Let’s Talk with Terry Odell

March 17, 2016

St. Patrick’s Day

by Terry Odell

My week here starts on St. Patrick’s Day. Americans have adopted this holiday, although our country’s traditions aren’t the same as they are in Ireland. One of my daughters now lives in Northern Ireland, and pointed out that corned beef and cabbage are not part of the celebration. Nor is green beer. Instead, they’re likely to eat Irish stew, soda bread, wheaten bread, and colcannon (mashed potatoes with cabbage and ham).

Guinness ClockWhere we live, we do have an Irish pub, and for them, this is their Big Day. In fact, they have a countdown clock that counts the days, hours, and minutes until St. Patrick’s Day (and it’s set to Ireland time so as not to waste a minute.) One last thing – it’s St. Pat’s or St. Paddy’s day. Never St. Patty’s Day. Patty is short for Patricia, while Paddy is short for Patrick.

Have you adopted any traditions that aren’t part of your personal cultural heritage? (Despite my name, I’m not Irish!)

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Posted in Let's Talk, with Terry Odell, zed: Former Authors • Tags: , , , , , , , |  28 Comments


28 thoughts on “Let’s Talk with Terry Odell

  1. We read loads of leprechaun books and the kids have made leprechaun traps to take to school.

  2. Our winter home in Savannah goes all out for St. Paddy’s Day. People tell me it is something I HAVE TO experience at least once. Instead, I avoid the crowds and am heading off to a national wildlife refuge to walk and look at the birds, which I am fairly certain will not be wearing green, unless they always do.

    1. No, you don’t. It used to be a rollicking good time, but now it’s all crowds and noise and drunkenness, with no parking and lots of crime. The Chatham jail will be full tonight. A deputy there told me visitors bring beer money in one pocket and bail money in the other. So yes, avoid it. Nothing to see there.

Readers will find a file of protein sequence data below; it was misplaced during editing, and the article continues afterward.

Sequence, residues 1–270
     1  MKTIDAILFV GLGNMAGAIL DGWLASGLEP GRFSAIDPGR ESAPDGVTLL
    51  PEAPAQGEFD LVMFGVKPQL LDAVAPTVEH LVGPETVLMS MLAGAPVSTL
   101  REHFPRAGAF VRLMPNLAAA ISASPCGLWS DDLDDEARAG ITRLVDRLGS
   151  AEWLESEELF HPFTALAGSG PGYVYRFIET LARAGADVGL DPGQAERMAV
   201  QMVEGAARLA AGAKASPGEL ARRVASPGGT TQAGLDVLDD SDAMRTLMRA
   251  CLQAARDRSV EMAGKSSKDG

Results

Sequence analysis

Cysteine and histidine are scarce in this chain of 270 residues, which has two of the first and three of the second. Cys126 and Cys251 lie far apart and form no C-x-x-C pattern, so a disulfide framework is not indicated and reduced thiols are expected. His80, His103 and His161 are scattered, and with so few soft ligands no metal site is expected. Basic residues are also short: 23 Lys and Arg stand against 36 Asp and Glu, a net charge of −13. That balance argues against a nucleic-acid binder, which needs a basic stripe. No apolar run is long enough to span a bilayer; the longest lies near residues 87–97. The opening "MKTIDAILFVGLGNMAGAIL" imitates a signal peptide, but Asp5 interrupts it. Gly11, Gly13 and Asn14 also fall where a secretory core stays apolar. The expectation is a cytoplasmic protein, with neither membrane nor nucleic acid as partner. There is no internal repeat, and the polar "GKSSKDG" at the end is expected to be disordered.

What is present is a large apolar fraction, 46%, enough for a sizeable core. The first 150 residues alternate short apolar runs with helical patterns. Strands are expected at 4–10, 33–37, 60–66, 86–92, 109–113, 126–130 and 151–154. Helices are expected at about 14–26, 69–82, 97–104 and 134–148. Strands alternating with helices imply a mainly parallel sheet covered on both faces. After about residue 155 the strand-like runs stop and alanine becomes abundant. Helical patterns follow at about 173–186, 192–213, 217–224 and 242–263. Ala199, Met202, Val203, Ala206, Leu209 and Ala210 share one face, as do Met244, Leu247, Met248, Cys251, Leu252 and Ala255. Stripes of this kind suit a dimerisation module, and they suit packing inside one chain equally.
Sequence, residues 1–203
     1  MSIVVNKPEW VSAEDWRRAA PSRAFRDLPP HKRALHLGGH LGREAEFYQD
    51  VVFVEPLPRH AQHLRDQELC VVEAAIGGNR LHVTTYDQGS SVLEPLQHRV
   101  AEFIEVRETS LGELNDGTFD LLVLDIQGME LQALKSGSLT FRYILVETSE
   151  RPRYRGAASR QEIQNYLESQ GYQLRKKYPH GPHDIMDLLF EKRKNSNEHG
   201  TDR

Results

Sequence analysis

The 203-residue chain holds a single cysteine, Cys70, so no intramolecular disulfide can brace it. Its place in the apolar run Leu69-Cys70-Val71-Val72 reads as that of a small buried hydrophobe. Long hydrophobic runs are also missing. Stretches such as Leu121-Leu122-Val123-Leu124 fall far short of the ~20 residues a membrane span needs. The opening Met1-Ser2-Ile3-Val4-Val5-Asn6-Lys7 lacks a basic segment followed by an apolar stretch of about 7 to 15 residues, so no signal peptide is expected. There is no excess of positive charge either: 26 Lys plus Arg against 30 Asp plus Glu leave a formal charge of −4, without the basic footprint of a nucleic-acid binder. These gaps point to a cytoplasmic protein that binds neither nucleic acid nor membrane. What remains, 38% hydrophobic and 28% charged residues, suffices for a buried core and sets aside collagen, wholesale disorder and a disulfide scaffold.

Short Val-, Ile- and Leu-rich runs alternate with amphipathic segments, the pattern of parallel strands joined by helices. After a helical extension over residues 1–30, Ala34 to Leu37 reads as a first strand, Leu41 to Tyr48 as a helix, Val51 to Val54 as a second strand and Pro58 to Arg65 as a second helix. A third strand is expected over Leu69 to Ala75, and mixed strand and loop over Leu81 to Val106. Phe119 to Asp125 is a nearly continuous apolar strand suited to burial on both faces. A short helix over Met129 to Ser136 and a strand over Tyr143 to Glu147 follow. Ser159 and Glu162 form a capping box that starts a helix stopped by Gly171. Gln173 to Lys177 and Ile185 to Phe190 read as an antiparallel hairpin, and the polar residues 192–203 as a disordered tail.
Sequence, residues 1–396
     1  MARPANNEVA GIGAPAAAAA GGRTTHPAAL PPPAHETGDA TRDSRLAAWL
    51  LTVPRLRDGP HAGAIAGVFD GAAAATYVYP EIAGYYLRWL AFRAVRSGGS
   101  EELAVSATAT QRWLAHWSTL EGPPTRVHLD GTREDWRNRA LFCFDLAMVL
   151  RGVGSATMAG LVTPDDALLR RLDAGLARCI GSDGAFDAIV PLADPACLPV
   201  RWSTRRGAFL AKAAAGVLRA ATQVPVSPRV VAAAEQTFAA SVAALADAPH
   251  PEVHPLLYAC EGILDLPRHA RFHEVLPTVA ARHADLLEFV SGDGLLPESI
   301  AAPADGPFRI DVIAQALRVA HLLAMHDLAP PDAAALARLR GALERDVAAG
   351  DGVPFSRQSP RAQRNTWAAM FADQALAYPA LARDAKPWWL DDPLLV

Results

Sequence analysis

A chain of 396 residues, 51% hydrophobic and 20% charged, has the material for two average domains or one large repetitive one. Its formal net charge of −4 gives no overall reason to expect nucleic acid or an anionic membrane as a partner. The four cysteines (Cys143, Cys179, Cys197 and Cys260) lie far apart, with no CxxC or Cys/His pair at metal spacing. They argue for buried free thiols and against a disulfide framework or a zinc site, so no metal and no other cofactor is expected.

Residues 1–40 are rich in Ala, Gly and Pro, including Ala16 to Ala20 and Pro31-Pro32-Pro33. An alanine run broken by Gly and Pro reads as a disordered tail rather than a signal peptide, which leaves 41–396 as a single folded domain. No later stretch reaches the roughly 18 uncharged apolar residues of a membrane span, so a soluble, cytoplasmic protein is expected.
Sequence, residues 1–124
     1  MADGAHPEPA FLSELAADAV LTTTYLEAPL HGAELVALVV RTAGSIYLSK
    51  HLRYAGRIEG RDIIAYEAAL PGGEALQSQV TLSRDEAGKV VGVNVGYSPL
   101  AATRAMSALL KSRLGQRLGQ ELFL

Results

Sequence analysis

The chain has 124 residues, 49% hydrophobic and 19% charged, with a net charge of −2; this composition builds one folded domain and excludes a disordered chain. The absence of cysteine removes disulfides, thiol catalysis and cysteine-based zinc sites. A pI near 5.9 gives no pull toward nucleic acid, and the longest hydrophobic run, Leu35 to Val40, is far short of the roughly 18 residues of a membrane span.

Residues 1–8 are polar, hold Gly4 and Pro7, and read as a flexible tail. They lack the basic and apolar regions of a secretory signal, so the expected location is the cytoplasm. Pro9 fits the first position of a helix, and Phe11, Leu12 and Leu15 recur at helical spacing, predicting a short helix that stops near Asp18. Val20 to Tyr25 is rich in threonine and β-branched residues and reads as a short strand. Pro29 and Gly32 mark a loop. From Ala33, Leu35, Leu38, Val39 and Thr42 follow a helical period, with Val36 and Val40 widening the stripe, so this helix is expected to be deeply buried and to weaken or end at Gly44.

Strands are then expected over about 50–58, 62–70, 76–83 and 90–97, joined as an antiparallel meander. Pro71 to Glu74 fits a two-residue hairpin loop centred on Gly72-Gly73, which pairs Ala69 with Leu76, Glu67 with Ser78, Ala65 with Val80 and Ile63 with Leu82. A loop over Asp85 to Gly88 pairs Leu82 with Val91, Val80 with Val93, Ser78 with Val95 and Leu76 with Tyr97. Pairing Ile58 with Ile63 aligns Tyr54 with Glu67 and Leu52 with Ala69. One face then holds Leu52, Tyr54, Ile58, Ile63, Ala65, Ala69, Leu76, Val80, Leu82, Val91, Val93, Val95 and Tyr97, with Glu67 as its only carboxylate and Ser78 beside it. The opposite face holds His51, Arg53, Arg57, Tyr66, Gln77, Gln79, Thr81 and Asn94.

3. My family does have Irish roots, and Pagan ones at that (basically my family line, no matter the time or place, runs with uncultured redneck peasants, and we like it that way). So no green beer, but yes to soda bread and Irish stew, which were regularly on my dinner table when I was growing up. And though my family isn’t Jewish, our many Jewish friends have introduced us to some fine food from that culture. And although my husband’s family isn’t Greek, he lived there for several years, and his mother taught me to cook that cuisine. So yes, we have lots of cultural borrowing going on, all of it food-related!

    1. Holidays are always about the food where I come from. I’m wondering if I can find a high-altitude recipe for Hamentaschen for Purim next week.

  4. I am from Ireland but have lived here over 33 years now. We usually go for a pint (or 2) to celebrate the day. However today & from now on is bitter sweet as my brother passed away last St. Patrick’s Day – RIP.

  5. For St Patrick’s Day, we have a shamrock wreath on the front door and shamrocks in the front window. It is a day for lamb chops with Bailey’s Irish Creme. It is a day for the wearing of the green.

  6. Stay at home, try a new Irish beer, corned beef and cabbage, made colcannon for the first time last year, might do that again.

  7. Enjoy watching Darby O’Gill and the Little People… always wear green! Love a good Irish soda bread…

  8. I usually wear green, and try to eat at least one Irish sounding meal (corned beef and cabbage, or irist stew)

  9. I’m in the wear something green category. Luckily, I have fluorescent green sneakers, which I wore out and about today!

  10. I’ve heard in the past from some of my old family members who are no longer with us that I’m one-quarter Irish. But no one in our family or extended family have delved into our Irish history or practice any Irish customs…except for wearing green, beer and corned beef on rye! Oh, and stories of the “Little People.” I did visit Ireland in 1986 for three days and kissed the Blarney Stone upside down in a rainy downpour( which occurs almost daily in the Emerald Isle). Thanks for your post, Terry! jdh2690@gmail.com

    1. Thanks for sharing your traditions. I was in Ireland in 2000 and I also kissed the Blarney Stone, but it was a nice day. No rain. The one rainy day we had was a Sunday so we went to the Jameson distillery where I learned I like good Irish whiskey. 😉

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